Shelf Life Trickster Part 2
by Paul Jensen, James Beckett,
I had never heard of it until I saw Theron's review a few days ago, but Reborn as a Vending Machine, Now I Wander the Dungeon is now one of my favorite ridiculous light novel titles. I may have to give it a read just to see where it goes with that premise. Welcome to Shelf Life.
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Trickster part 2
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Shelf Life Reviews
The first half of Trickster was a perfectly fine soft science-fiction mystery show, but it didn't leave much of an impact in the weeks after I finished it. After refreshing my memory a bit, I was ready to dive into part 2, and I'll go ahead and get the good news out of the way first: I enjoyed part 2 of Trickster more than part 1. Not significantly more, mind you – this is still a flawed and inconsistent series even in its best moments. Still, whether it's because the show simply became increasingly comfortable with its plotting and character development, or if it's just because I just happened to be in the right head space for it, Trickster goes out on a slightly stronger note than what it began with.
A big part of that, I think, is the fact that The Boy Detective's Club has to deal with conflict that is more substantial than just being messed with by Twenty Faces – Kensuke's betrayal has hit everyone hard, and watching each of the characters deal with the new status quo in their own ways makes the cast a bit more engaging. None of the characters are ever as interesting or well-developed as Kensuke, Yoshio, and Kogoro, but there's at least a sense of stakes that comes along with their shifting relationships. There are a couple of new characters introduced in this half of the season, with the most notable being Tasuku Yamune, the Detective's Club fanboy-turned-member, and Hide, a boisterous joker whose group of self-styled hooligans become a complicated presence in Kensuke's life. None of the new cast members are revolutionary or anything, but adding just that much more texture to the cast's dynamic is another of this set's welcome contributions.
Kogoro and Yoshio also have additional screen time to work with in this half of the story; the former's difficult history with Twenty Faces is finally explored, while Yoshio finally gains some headway on the “figuring out how to die” business. I will admit that I'm of two minds regarding Yoshio's development – I was surprisingly engaged with the borderline romantic affection that he and Kensuke develop for one another, and I ended up appreciating how their “healthier” relationship serves as a direct foil to what Kogoro and Kensuke have going on. On the other hand, the ultimate explanation for Yoshio's power, and the way the show handles the “gifts” of characters like Yoshio and Twenty Faces, ends up feeling half-baked. The “solution” to Yoshio's problem ends up being such a ham-fisted and corny plot device that I couldn't help but roll my eyes when it came up, and the show never does much with it beyond that.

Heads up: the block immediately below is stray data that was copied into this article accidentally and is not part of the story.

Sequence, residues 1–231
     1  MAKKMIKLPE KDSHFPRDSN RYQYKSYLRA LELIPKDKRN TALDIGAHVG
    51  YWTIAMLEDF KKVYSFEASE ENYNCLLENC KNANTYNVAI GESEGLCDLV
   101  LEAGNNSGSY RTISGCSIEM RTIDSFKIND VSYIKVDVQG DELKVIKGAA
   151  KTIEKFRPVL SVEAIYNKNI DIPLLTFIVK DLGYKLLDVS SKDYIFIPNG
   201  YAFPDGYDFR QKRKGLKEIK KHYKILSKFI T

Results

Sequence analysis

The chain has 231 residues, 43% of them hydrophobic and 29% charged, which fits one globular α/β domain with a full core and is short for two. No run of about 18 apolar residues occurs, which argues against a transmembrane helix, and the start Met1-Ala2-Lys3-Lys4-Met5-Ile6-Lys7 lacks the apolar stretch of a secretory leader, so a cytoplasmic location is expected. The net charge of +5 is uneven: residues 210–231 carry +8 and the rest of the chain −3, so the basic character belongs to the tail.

The Kogoro and Twenty Faces stuff is an equally mixed bag. The escalation of their conflict does make the last arc of the series significantly more interesting than what came before it on the level of being pure entertainment, but it also suffers from Trickster's problems with weak, cliched writing. Even with Gackt giving his all in the performance, Twenty Faces never rises above being much more than a wannabe-Joker, a nebulous embodiment of fatal attraction and a fetishistic revelry in chaos. It isn't terribly done, but it is lacking in the creative ingenuity needed to make Twenty Faces a truly compelling villain.
If there's anything about Trickster's execution that cannot be sugar-coated, though, it's the series' production values, which are middling at best, and just plain ugly a lot of the time. This isn't a Higurashi situation, where the show looks so bad that it truly hinders the show, but it does make it hard for a science-fiction mystery thriller to be truly effective when everything looks so flat and uninspired. I'd even be able to forgive the stiff animation and frequently off-model art if the direction were creative and inspired, but that sadly isn't the case. Even in the show's final episodes, which pick up the slack considerably, the editing and shot composition of even the most important scenes are merely mediocre.
As far as Funimation's Blu-Ray/DVD Combo set is concerned, it's the same exact setup as the first half of the season. There are no extras outside of the textless OP/EDs, as well as a code for a digital copy of the episodes to watch on the Funimation site. The English dub is also unchanged from last time, an inferior product overall, though not without its own charms. Seeing as it's going to cost about $100 to own the entire series, it would have been nice for the set to include a commentary or two, or perhaps some physical goodies, but it remains a perfectly competent product all the same.
Overall, Trickster is a tough series to wholeheartedly recommend. I love the idea of a sci-fi themed update to a classic set of mystery stories, but this particular show is just too sloppily put together to be consistently enjoyable. The back half of this 24-episode run rounds out some of the first half's flaws a good deal, but it also brings along its own shortcomings and disappointments. If you're dying to watch some vaguely shippable teenagers run around and solve mysteries together, Trickster might be worth a shot, but the series isn't likely to remain in anyone's memory for longer than it takes to watch it.
That wraps things up for this week. Thanks for reading, and remember to send your Shelf Obsessed entries to [email protected]!
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